Best Performance by an Actor in a Motion Picture – Drama

  • Timothée Chalamet, ‘Call Me by Your Name’
  • Daniel Day-Lewis, ‘Phantom Thread’
  • Tom Hanks, ‘The Post’
  • Gary Oldman, ‘Darkest Hour’
  • Denzel Washington, ‘Roman J. Israel, Esq.’

Winner: Gary Oldman

Best Performance by an Actress in a Motion Picture – Drama

  • Jessica Chastain, ‘Molly’s Game’
  • Sally Hawkins, ‘The Shape of Water’
  • Frances McDormand, ‘Three Billboards Outside Ebbing, Missouri’
  • Meryl Streep, ‘The Post’
  • Michelle Williams, ‘All the Money in the World’

Winner: Frances McDormand

Best Performance by an Actor in a Motion Picture – Musical or Comedy

  • Steve Carell, ‘Battle of the Sexes’
  • Ansel Elgort, ‘Baby Driver’
  • James Franco, ‘The Disaster Artist’
  • Hugh Jackman, ‘The Greatest Showman’
  • Daniel Kaluuya, ‘Get Out’

Winner: James Franco

Best Performance by an Actress in a Motion Picture – Musical or Comedy

  • Judi Dench, ‘Victoria & Abdul’
  • Helen Mirren, ‘The Leisure Seeker’
  • Margot Robbie, ‘I, Tonya’
  • Saoirse Ronan, ‘Lady Bird’
  • Emma Stone, ‘Battle of the Sexes’

Winner: Saoirse Ronan

Best Performance by an Actor in a Supporting Role – Any Motion Picture

  • Willem Dafoe, ‘The Florida Project’
  • Armie Hammer, ‘Call Me by Your Name’
  • Richard Jenkins, ‘The Shape of Water’
  • Christopher Plummer, ‘All the Money in the World’
  • Sam Rockwell, ‘Three Billboards Outside Ebbing, Missouri’

Winner: Sam Rockwell

Best Performance by an Actress in a Supporting Role – Any Motion Picture

  • Mary J. Blige, ‘Mudbound’
  • Hong Chau, ‘Downsizing’
  • Allison Janney, ‘I, Tonya’
  • Laurie Metcalf, ‘Lady Bird’
  • Octavia Spencer, ‘The Shape of Water’

Winner: Allison Janney

Best Director – Motion Picture

  • Guillermo del Toro, ‘The Shape of Water’
  • Martin McDonagh, ‘Three Billboards Outside Ebbing, Missouri’
  • Christopher Nolan, ‘Dunkirk’
  • Ridley Scott, ‘All the Money in the World’
  • Steven Spielberg, ‘The Post’

Winner: Guillermo del Toro

Best Motion Picture – Animated

  • ‘The Boss Baby’
  • ‘The Breadwinner’
  • ‘Coco’
  • ‘Ferdinand’
  • ‘Loving Vincent’

Winner: ‘Coco’

Best Motion Picture – Foreign Language

  • ‘A Fantastic Woman’, Chile
  • ‘First They Killed My Father’, Cambodia
  • ‘In the Fade’, Germany/France
  • ‘Loveless’, Russia
  • ‘The Square’, Sweden/Germany/France

Winner: ‘In the Fade’

Best Television Series – Drama

  • ‘The Crown’
  • ‘Game of Thrones’
  • ‘The Handmaid’s Tale’
  • ‘Stranger Things’
  • ‘This Is Us’

Winner: ‘The Handmaid’s Tale’

Best Television Series – Musical or Comedy

  • ‘Black-ish’
  • ‘The Marvelous Mrs. Maisel’
  • ‘Master of None’
  • ‘SMILF’
  • ‘Will & Grace’

Winner: ‘The Marvelous Mrs. Maisel’

Best Television Limited Series or Motion Picture Made for Television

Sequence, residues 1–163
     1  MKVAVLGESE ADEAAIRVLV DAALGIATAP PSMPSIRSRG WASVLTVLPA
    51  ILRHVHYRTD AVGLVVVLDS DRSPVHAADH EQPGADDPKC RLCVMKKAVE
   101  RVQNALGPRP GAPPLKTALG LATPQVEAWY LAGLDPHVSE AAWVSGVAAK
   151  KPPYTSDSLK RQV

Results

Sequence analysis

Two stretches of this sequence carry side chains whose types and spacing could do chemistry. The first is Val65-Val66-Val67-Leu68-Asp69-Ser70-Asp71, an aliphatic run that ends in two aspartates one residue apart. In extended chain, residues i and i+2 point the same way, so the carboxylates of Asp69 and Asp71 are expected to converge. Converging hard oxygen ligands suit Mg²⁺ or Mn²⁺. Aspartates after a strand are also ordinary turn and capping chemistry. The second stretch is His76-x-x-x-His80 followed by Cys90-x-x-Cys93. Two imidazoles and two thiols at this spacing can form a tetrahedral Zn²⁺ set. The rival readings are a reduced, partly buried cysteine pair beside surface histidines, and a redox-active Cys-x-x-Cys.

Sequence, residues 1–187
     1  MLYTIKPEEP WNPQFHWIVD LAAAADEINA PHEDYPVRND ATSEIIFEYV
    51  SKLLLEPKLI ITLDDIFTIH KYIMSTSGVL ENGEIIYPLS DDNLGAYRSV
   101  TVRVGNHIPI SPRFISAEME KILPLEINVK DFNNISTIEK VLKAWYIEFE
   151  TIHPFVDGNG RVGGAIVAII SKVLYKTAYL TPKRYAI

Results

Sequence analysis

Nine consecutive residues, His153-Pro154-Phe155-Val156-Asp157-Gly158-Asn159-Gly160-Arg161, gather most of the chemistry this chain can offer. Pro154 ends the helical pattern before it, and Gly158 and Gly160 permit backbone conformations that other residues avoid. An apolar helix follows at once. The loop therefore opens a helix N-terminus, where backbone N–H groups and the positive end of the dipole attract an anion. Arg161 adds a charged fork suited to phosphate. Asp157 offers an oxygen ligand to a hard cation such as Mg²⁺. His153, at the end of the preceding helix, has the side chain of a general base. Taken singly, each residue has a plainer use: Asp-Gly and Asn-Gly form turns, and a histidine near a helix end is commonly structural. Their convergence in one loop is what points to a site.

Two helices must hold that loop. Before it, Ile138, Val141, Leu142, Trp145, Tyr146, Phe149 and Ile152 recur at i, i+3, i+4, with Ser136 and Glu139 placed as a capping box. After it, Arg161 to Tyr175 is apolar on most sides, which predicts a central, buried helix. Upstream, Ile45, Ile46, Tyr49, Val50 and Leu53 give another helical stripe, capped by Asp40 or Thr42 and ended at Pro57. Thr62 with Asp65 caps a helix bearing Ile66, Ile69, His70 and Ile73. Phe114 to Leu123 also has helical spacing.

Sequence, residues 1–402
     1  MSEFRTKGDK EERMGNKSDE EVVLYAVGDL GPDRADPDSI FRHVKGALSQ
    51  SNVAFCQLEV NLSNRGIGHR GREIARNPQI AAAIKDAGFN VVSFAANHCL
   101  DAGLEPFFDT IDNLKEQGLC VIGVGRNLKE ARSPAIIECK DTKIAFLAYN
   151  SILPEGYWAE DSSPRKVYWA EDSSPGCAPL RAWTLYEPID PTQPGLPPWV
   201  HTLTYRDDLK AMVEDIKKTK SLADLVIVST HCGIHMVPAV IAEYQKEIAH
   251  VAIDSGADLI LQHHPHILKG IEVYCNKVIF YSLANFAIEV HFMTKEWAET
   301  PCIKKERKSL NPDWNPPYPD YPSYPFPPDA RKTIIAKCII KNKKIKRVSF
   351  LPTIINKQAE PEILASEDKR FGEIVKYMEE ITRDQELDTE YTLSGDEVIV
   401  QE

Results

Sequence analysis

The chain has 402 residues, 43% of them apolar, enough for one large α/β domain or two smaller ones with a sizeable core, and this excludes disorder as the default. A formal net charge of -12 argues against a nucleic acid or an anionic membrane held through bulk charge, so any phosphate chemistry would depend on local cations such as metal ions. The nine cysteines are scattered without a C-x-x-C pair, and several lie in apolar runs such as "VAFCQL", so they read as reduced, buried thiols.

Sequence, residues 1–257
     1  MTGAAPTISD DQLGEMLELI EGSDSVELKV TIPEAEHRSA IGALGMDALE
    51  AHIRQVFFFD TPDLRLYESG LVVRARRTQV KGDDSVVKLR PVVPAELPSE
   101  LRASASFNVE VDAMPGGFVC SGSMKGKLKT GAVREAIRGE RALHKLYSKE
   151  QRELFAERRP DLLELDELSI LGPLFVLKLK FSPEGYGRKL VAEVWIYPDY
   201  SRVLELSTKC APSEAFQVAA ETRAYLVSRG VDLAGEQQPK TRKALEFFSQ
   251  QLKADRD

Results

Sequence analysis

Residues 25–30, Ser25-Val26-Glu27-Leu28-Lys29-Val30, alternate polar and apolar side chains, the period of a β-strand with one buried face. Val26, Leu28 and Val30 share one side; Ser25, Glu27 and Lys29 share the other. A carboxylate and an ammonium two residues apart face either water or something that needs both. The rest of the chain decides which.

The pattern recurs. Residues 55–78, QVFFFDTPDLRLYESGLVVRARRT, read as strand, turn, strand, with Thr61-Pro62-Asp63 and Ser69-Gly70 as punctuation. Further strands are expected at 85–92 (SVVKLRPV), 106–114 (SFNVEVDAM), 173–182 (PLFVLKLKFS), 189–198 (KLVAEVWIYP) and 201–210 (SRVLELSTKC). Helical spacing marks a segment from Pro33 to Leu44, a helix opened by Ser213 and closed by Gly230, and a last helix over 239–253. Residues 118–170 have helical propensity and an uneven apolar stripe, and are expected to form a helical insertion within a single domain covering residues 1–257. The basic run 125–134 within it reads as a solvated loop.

• ‘Big Little Lies’
  • ‘Fargo’
  • ‘Feud: Bette and Joan’
  • ‘The Sinner’
  • ‘Top of the Lake: China Girl’

Winner: ‘Big Little Lies’

Best Performance by an Actor in a Television Series – Drama

  • Jason Bateman, ‘Ozark’
  • Sterling K. Brown, ‘This Is Us’
  • Freddie Highmore, ‘The Good Doctor’
  • Bob Odenkirk, ‘Better Call Saul’
  • Liev Schreiber, ‘Ray Donovan’

Winner: Sterling K. Brown

Best Performance by an Actress in a Television Series – Drama

  • Caitriona Balfe, ‘Outlander’
  • Claire Foy, ‘The Crown’
  • Maggie Gyllenhaal, ‘The Deuce’
  • Katherine Langford, ’13 Reasons Why’
  • Elisabeth Moss, ‘The Handmaid’s Tale’

Winner: Elisabeth Moss

Best Performance by an Actor in a Television Series – Musical or Comedy

  • Anthony Anderson, ‘Black-ish’
  • Aziz Ansari, ‘Master of None’
  • Kevin Bacon, ‘I Love Dick’
  • William H. Macy, ‘Shameless’
  • Eric McCormack, ‘Will & Grace’

Winner: Aziz Ansari

Best Performance by an Actress in a Television Series – Musical or Comedy

  • Alison Brie, ‘GLOW’
  • Rachel Brosnahan, ‘The Marvelous Mrs. Maisel’
  • Issa Rae, ‘Insecure’
  • Frankie Shaw, ‘SMILF’
  • Pamela Adlon, ‘Better Things’

Winner: Rachel Brosnahan

Best Performance by an Actor in a Limited Series or Motion Picture for Television

  • Robert De Niro, ‘The Wizard of Lies’
  • Jude Law, ‘The Young Pope’
  • Kyle MacLachlan, ‘Twin Peaks’
  • Ewan McGregor, ‘Fargo’
  • Geoffrey Rush, ‘Genius’

Winner: Ewan McGregor

Best Performance by an Actress in a Limited Series or Motion Picture for Television

  • Jessica Biel, ‘The Sinner’
  • Nicole Kidman, ‘Big Little Lies’
  • Jessica Lange, ‘Feud: Bette and Joan’
  • Susan Sarandon, ‘Feud: Bette and Joan’
  • Reese Witherspoon, ‘Big Little Lies’

Winner: Nicole Kidman

For the complete list of nominees and winners, go to the official Golden Globes web site.


  1. Alex

    So, have we all just decided that Christopher Nolan is going to pull a Hitchcock and be the best director of this generation who consistently gets shut out of awards?

    Admittedly, I haven’t seen the The Shape of Water, but Dunkirk was an absolute miracle of both directing and editing.

  2. DH

    Three Billboards was easily the worst of the nominated films. I can’t believe people are falling all over themselves for such garbage.

  3. Timcharger

    Don’t take my leftover cheeseburger, butler-boy, I was going to finish that for breakfast. Too boring the Golden Globes are, I fell asleep with it on all 3 of my bedroom TVs. No time to watch TV though, I’m too busy preventing plane crashes. Heard that Meryl Streep lost. Told u she was the most overrated!

  4. Art A